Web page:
Archive for October 10th, 2011
By the numbers, Randy Newman is the recipient of six Grammys, three Emmys and two Oscars (the latter out of a stunning 20 nominations). Mr. Newman created “something new under the sun” with the 1968 release of his self-titled Reprise debut, after years honing his craft on staff at Metric Music. At Metric, he wrote with Jackie DeShannon and in this early period provided songs for Dusty Springfield, Cilla Black, Nina Simone, Alan Price, Peggy Lee and so many others. Ambitious concept albums and tight collections of witheringly witty pop songs marked his seventies output, with 1977’s “Short People” a misunderstood surprise hit. Not content to rest on his considerable laurels, Newman took up the family business, devoting more time to the composition of film scores. In perhaps his most surprising career move, the man behind such potent attacks on racism, greed, imperialism and hypocrisy became a family-friendly icon with his contributions to Pixar films such as Toy Story, with its now-standard “You’ve Got a Friend in Me.” (You can revisit Newman’s entire catalogue to date in our Back Tracks feature!)
One thing Randy Newman hasn’t done in 40 years, however, is release a live album. Randy Newman Live, issued in June 1971, captured just under half an hour of highlights from his solo stand at New York’s Bitter End in September 1970. But now, Newman’s hiatus from live recording has come to a bitter end itself. On November 8, Nonesuch will release the deluxe CD/DVD set, Live in London, featuring Newman accompanied by the BBC Concert Orchestra. The June 22, 2008 concert features Newman on piano and vocals, and Robert Ziegler conducting the orchestra. It was recorded at LSO St. Luke’s, an 18th-century Anglican church that has been restored by the orchestra for use in its community and music education programs. The concert was originally televised by the BBC.
Just two songs are reprised from that 1971 album, “Mama Told Me Not to Come” (a hit for Three Dog Night) and “I Think It’s Going to Rain Today,” one of Newman’s most perennial classics. The other 20 tracks run the gamut through an impressive career. From that 1968 debut, you’ll hear (and see) “Love Story,” with Newman’s classic musing, “We’ll have a kid/Or maybe we’ll rent one, He’s got to be straight/We don’t want a bent one.” A quintet of songs comes from 1972’s Sail Away. There’s the stirring title track in which a slave trader admonishes his human quarry to “sail away” to America, land of the “sweet watermelon and the buckwheat cake,” where they’ll find themselves as happy as a “monkey in a monkey tree.” Just as pointed are foreign policy credo “Political Science” (“They all hate us anyhow/Let’s drop the big one now!”) and “God’s Song (That’s Why I Love Mankind),” sung by a not-so-benevolent god. “You Can Leave Your Hat On” took on a completely new dimension when covered by Tom Jones and Joe Cocker, but is another raised-eyebrow character study as sung by its writer. The charming “Simon Smith and the Amazing Dancing Bear” addresses prejudice in its own way: “Oh, who would think a boy and a bear could be well accepted everywhere? It’s just amazing how fair people can be!”
What else will you find on Live in London? Just hit the jump! Read the rest of this entry »
Many alumni associated with the heyday of the Rhino label (still active and producing some remarkable releases under the Handmade banner, by the way) have recently launched new labels, among them James Austin and Rockbeat Records, and Cheryl Pawelski and Omnivore Recordings. Omnivore, founded by Pawelski and partners Greg Allen and Brad Rosenberger, announced an impressive and diverse slate with releases by Leon Russell, The Motels, and Jellyfish. The young label has also launched a partnership with its European distributor, Ace Records. Both the logos of Omnivore and Ace’s BGP (Beat Goes Public) label adorn an exciting title coming your way tomorrow. The Two Things In One’s Together Forever: The Music City Sessions brings together the band’s recording output during their 1971-1973 period with the Bay Area-based Music City label. The 16-track CD compilation includes the band’s three local hit singles, “Silly Song,” “Together Forever,” and “Overdose (Of Your Love),” and some well-selected covers including the Allman Brothers’ “Dreams,” CSNY’s “Ohio,” Stevie Wonder’s “I Was Made to Love Her” and Bacharach and David’s “Walk On By.” A vinyl edition of10 tracks will receive a first pressing limited to 1,500 pieces on translucent red vinyl, followed by an unlimited edition on standard black vinyl.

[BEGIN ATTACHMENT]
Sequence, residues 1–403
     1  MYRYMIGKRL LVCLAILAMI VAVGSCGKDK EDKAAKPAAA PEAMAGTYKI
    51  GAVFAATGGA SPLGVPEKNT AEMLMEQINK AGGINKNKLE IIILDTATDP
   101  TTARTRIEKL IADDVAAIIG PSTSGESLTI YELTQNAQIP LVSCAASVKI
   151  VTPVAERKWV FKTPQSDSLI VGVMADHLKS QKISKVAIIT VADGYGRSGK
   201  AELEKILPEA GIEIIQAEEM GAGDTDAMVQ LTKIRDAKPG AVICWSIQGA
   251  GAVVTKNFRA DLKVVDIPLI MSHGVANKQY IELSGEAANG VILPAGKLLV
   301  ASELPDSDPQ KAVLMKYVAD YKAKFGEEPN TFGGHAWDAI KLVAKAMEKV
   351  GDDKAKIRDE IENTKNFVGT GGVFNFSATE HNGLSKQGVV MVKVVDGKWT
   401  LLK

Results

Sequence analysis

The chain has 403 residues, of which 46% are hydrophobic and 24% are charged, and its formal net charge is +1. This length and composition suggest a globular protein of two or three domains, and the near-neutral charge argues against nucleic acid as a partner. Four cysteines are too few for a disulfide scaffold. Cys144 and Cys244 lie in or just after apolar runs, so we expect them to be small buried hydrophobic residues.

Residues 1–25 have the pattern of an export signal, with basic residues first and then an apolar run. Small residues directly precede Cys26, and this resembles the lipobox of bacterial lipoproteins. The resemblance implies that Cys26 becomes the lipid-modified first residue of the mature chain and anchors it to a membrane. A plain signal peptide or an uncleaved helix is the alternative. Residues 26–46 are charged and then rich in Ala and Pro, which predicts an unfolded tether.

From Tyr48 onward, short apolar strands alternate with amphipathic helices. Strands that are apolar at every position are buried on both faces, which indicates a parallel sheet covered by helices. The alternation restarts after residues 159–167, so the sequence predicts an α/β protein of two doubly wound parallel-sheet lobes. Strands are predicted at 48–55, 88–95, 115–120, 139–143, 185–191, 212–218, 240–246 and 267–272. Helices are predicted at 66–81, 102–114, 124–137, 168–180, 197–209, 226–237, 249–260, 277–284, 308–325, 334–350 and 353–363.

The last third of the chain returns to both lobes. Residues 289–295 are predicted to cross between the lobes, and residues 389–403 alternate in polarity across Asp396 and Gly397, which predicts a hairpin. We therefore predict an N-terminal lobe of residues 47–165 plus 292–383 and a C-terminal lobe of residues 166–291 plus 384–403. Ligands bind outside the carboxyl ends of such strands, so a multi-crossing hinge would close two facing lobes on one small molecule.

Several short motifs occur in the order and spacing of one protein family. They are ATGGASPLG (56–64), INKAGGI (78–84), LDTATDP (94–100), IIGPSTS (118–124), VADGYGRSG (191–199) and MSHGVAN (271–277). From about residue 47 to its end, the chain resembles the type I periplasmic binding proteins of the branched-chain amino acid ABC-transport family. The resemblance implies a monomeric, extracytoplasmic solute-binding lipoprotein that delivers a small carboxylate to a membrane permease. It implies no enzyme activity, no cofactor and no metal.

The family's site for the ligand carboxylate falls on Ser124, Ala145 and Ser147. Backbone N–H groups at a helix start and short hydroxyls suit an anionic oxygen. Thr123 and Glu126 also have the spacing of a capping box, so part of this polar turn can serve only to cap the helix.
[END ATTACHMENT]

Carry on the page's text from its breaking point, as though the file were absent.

Together Forever turns the spotlight on a precociously talented quintet, with an average age of sixteen, who followed in Sly Stone’s footsteps in blending soul, jazz, funk, pop and rock into a groovy whole. Michael Jeffries (vocals), Michael Griggs (guitar), Kevin Burton (keyboards), Johnnie Tucker (bass) and Marciel Garnier hailed from Richmond, California, just across the bay from San Francisco. KDIA radio deejay Bob James became an early patron of the band, introducing the group to Ray Dobard of the Music City shop and label. Dobard believed in the band’s Stevie Wonder-meets-the-Meters sound, and succeeded in procuring them bookings around the Bay Area. The group’s taste was eclectic (“By the Time I Got to Phoenix” even made it to its live repertoire) and they shared stages with Earth Wind & Fire, War, Bill Cosby, the Sylvers, the Whispers and Funkadelic. You’ll hear not only the 10-minute-plus funk jam “Cantaloupe Island,” but smooth shoulda-been-a-hit single sides including “Close the Door,” “Together Forever” and “Silly Song.”
You’ll find much more about The Two Things in One after the jump, including the full track listing of Omnivore’s new release! Read the rest of this entry »